05:13 S2: Beneath that, you'll see comments, which you can also send into Dynamics 365 as a note, so if you're looking at this lead on behalf of somebody else, you may wish to add a comment based on the visit information you've seen or based on a contact that you think will be the right person to follow up and send that across to Dynamics as well.
05:31 S1: The idea with all of the information that you see here is that we are hoping to provide you with the right information about the level of intent on the organization side, the prospect side, the activities that have already been created on your side to work with that organization and where that isn't possible, of course, you have the opportunity to create that either with the CRM and able to create new tasks, creating opportunities or without it, you could add comments to a particular lead and make use of the Leadfeeder actions which appear at the top of the lead by default, well, these will allow you to do, for example, to assign a lead within Leadfeeder. If you assign this lead to a colleague of yours, it will appear in their leads assigned to me feet on the left-hand side, and icon would appear here, showing you who within your team has had this lead assigned to them.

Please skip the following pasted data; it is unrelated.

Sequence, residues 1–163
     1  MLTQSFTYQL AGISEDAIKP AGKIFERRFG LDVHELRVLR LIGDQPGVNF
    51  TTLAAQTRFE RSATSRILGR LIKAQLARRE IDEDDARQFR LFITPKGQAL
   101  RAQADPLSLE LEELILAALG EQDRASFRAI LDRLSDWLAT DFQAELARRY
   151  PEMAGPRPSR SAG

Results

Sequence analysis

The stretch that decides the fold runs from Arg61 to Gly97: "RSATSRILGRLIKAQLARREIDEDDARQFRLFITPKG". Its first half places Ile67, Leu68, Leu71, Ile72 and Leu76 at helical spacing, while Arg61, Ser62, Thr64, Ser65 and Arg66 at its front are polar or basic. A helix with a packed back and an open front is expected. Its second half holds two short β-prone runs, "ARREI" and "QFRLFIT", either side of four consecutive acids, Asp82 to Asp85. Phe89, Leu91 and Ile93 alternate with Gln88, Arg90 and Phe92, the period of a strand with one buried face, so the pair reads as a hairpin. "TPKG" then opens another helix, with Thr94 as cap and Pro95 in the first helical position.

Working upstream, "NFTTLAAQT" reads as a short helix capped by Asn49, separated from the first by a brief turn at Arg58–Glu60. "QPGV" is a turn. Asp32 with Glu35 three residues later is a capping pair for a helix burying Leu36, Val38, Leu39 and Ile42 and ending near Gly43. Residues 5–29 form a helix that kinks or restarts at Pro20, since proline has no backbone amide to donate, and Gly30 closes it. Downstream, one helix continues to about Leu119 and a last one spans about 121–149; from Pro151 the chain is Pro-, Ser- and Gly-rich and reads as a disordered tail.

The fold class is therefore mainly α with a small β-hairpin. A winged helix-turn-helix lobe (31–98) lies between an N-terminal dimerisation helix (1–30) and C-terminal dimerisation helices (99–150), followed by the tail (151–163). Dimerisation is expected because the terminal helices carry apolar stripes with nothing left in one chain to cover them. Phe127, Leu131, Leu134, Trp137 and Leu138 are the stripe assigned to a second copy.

06:23 S2: If you'd like to follow an organization, this will drop this lead into the follow companies feed on the left-hand side over here. After this, if this organization revisits your site, you will receive an email notification letting you know that that has happened. Suppose you want to email a lead out to a particular individual in your team. In that case, you can do so here just by clicking the button and dropping their email address in. It will send an email with a summary of the visits to that person, or if you're working with Slack and you have it enabled, you can also send a particular lead into Slack as well to be followed up from there. So that's an overview of what a lead is and what you'll see on the lead level within Leadfeeder.